jjjoy and FireStarterRN like this.
  14. Visit  Eirene profile page
    0
    Our entire hospital has private rooms. I love it!
  15. Visit  Ruby Vee profile page
    0
    Quote from blondy2061h
    obviously. but think about the infection risk, the lack of rest (your room mate has the tv blaring all night and there's nothing you can do about it), and the privacy issue. it really is rather backwards and inappropriate.

    i was in the hospital last year with a stomach flu and was having constant diarrhea. i both my room mates and i were on i&os, so every time i went in the bathroom i had to lift her urine-filled hat out and put my own in. it was nasty, and the aids and nurses never seemed to be around to do it. probably because the hospital is infamous for poor staffing. then i kept having diarrhea and my poor room mate had to use the toilet i just had huge amounts of diarrhea into. it's disgusting.

    then imagine having someone just a curtain away while you're having a foley put in. how was that make you feel?

    even if you just had a regular outpatient physical being done, how would you feel if someone else was in the room with you?

    i know it's a huge cost to change things, but i really can't believe we consider this acceptable.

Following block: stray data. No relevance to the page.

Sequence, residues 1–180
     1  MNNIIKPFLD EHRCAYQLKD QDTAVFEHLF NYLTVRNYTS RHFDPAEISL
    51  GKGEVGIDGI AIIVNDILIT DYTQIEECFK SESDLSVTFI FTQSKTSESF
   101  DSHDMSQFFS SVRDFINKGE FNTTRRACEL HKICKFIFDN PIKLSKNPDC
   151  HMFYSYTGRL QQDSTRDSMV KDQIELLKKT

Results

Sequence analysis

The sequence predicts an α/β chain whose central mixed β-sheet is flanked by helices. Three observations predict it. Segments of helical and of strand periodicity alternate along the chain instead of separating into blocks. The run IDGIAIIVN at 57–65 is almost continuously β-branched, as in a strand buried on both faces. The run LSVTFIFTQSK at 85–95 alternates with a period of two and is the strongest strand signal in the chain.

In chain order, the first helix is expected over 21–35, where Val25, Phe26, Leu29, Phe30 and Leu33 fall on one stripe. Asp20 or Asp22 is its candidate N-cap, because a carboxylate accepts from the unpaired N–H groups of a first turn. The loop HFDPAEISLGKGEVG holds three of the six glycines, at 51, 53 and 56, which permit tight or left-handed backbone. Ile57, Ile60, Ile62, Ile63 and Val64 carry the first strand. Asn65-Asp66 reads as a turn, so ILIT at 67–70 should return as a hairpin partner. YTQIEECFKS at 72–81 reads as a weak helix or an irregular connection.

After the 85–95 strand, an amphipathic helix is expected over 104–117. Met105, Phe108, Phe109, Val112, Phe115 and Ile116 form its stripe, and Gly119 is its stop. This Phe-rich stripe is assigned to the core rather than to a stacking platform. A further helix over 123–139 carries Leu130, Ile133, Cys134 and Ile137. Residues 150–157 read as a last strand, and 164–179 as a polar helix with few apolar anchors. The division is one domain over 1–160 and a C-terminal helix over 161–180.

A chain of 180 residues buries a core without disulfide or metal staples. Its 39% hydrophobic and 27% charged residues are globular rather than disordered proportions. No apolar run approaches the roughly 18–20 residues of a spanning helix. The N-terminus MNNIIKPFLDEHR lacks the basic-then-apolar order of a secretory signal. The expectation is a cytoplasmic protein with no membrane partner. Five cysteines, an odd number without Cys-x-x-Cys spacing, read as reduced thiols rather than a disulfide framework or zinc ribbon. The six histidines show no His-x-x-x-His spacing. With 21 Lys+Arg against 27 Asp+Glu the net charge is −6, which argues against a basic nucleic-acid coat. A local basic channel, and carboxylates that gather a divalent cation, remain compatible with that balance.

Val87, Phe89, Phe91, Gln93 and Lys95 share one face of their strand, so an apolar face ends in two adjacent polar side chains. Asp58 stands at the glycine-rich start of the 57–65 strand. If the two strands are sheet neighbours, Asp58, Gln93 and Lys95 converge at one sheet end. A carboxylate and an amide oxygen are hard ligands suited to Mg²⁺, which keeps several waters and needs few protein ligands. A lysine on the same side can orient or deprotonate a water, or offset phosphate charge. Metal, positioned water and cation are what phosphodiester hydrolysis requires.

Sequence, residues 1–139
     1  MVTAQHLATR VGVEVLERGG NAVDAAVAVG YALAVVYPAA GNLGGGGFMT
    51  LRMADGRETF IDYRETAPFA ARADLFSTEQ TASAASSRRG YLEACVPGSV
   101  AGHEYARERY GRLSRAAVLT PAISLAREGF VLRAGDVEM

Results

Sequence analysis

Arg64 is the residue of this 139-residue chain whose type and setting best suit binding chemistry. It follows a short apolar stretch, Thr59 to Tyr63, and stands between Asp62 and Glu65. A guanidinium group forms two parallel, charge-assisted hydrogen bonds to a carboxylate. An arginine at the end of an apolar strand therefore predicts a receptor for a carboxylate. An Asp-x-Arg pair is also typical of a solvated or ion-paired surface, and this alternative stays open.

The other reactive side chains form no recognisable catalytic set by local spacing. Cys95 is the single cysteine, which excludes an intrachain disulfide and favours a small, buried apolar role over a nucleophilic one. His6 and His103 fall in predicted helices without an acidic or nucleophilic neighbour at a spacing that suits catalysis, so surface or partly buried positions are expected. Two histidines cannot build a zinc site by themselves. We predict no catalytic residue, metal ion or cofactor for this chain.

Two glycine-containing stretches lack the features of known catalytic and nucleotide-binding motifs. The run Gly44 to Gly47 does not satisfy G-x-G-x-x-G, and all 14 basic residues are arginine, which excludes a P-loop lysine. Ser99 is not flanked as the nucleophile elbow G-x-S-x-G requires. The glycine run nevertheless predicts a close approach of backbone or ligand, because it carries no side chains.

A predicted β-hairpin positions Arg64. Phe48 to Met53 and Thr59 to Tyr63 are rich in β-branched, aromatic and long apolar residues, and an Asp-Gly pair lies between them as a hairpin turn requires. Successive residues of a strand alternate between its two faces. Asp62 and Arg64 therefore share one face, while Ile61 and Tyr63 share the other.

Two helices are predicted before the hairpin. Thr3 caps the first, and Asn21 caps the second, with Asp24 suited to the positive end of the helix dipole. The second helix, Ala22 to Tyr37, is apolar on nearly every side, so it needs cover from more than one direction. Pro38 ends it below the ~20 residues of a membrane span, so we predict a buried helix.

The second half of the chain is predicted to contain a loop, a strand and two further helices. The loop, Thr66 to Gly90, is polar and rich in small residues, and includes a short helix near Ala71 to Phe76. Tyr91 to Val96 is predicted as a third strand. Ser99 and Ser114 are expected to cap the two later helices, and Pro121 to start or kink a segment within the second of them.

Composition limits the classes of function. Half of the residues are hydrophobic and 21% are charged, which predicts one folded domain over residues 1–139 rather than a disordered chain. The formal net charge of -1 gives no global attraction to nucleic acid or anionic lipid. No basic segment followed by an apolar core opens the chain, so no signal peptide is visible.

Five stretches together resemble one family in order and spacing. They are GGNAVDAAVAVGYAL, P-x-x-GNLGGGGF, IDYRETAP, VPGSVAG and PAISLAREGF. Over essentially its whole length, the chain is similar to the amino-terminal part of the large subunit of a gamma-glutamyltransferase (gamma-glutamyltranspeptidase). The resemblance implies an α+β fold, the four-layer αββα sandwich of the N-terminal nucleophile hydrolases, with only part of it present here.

[font="comic sans ms"]i've been a patient in a double room and have horror stories to match yours -- and i've experienced the curtain being whisked aside just as my nurse is putting in my foley. i know how it feels. on the other hand, you clearly have no idea how much it would cost to just find double rooms unacceptable. and double rooms are an enormous improvement upon the wards we used to have. health care costs are already spiralling out of control. as uncomfortable as a double room can be, i'd much prefer that to a 16 bed ward with no tv, no telephone and no bathroom at all.

    as new hospitals and new wings are being built, the more affluent ones will start phasing out the double rooms. but that process is a long time in coming. in the meantime, we'll all just have to suck it up and deal with the double rooms.
    Last edit by Ruby Vee on Sep 20, '08 : Reason: Spelling